Sun, Jul 14, 2019 - Page 7 News List

How secondhand drinking ruins lives

Passive smoking is treated as a hazard, but society does not acknowledge the negative effects for people with heavy drinkers in their lives

By Paula Cocozza  /  The Guardian

Illustration: Constance Chou

Helen Witty thought that she had taught her children all about the dangers of drinking. She was raised with the knowledge that her great-grandfather’s alcoholism had led him to suicide.

“It’s in the family,” her mother had warned her.

In a classic expression of the ripple effect of harmful drinking, Witty kept her own consumption modest, and she taught her two children to understand and watch out for the long shadow cast by other people’s drinking.

However, what none of the family had prepared for was the day when Helen Marie, Witty’s 16-year-old daughter, went to skate on a bike path to destress before a big school play, but never returned.

She stood in the drive of their Florida home wearing her skates. She flipped around, blew her mother a kiss and said she would be right back.

She was gone so long that her father went to look for her. He found a crime scene.

Helen Marie had been hit while skating by a 17-year-old driver who had been drinking tequila and smoking cannabis.

Instead of bringing his daughter home, her father had to identify her body.

Helen Marie was killed by another person’s abuse of alcohol in a tragic example of so-called secondhand drinking. While the concept of secondhand, or passive, smoking is familiar, secondhand drinking is a growing field of study.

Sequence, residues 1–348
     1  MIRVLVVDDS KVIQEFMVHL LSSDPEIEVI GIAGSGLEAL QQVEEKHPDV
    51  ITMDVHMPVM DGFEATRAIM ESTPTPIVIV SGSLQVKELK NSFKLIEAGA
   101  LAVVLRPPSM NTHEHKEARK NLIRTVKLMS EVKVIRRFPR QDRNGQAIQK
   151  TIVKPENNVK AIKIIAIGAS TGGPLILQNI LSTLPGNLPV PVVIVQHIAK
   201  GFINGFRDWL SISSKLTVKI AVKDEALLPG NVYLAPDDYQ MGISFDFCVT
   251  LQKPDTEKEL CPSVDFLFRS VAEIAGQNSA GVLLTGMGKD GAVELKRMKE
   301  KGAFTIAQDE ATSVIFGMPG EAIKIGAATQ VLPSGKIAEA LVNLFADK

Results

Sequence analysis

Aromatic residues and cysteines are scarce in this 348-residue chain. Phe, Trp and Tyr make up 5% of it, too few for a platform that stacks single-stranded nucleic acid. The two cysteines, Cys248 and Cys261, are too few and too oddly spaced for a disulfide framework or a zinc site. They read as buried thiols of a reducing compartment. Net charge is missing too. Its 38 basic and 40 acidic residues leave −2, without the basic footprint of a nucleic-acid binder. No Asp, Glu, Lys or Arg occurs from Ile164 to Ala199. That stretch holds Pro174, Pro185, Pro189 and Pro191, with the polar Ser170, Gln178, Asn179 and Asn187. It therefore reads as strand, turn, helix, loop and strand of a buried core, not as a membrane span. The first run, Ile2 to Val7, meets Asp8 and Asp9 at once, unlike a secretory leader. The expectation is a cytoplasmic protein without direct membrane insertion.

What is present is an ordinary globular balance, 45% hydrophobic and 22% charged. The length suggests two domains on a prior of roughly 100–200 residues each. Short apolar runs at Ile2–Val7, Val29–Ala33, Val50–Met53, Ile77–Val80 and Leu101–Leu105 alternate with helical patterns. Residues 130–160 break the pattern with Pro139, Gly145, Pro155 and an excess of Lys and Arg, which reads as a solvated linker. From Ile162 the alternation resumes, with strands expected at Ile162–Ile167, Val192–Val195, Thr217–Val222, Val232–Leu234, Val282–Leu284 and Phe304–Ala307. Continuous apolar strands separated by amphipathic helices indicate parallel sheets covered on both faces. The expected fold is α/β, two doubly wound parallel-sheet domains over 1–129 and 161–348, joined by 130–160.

Last week, the Alcohol Research Group at the Public Health Institute in Emeryville, California, published research showing that 53 million Americans each year experience harm from another individual’s alcohol use. That is one in four men and one in five women.

Given that passive smoking is treated as a serious public health hazard in countries from Mongolia to Colombia and Australia to the UK, why are governments so slow to notice, let alone challenge, secondhand drinking?

“Secondhand smoking really changed public opinion and paved the way for legislation to make bars and public places smoke-free,” said Ian Gilmore, chair of the Alcohol Health Alliance and director of the Liverpool Centre for Alcohol Research. “There is undoubtedly harm from secondhand smoke, but the range and magnitude of harms is likely to be even greater from alcohol.”

“We are only just starting to appreciate the long-term impact of these harms,” added Katherine Karriker-Jaffe, senior scientist at the Alcohol Research Group and author of the research published last week.

Her team worked with 10 categories of harm, from harassment to assault.

Although she cannot recall experiencing any secondhand harm herself, she is something of an anomaly because, as Gilmore said: “There is hardly a family that hasn’t been touched in some way, whether it’s a child of an alcoholic or someone who has been punched on a night out. There are so many examples. It is genuinely unusual to come across a family where someone hasn’t been affected by alcohol.”

Often, the effects of alcohol use can ripple from one life into another. All too easily, a person who suffers a secondary harm can become a perpetrator of further harms.

Sam is the birth mother of a child with fetal alcohol spectrum disorder (FASD). Her partner during her pregnancy had a problem with alcohol.

“It was an abusive relationship,” she said. “I struggled with what was going on — you’re in that part of your life where everything is overwhelming.”

She trails off. She drank on average a bottle of wine a week, with “the odd binge.”

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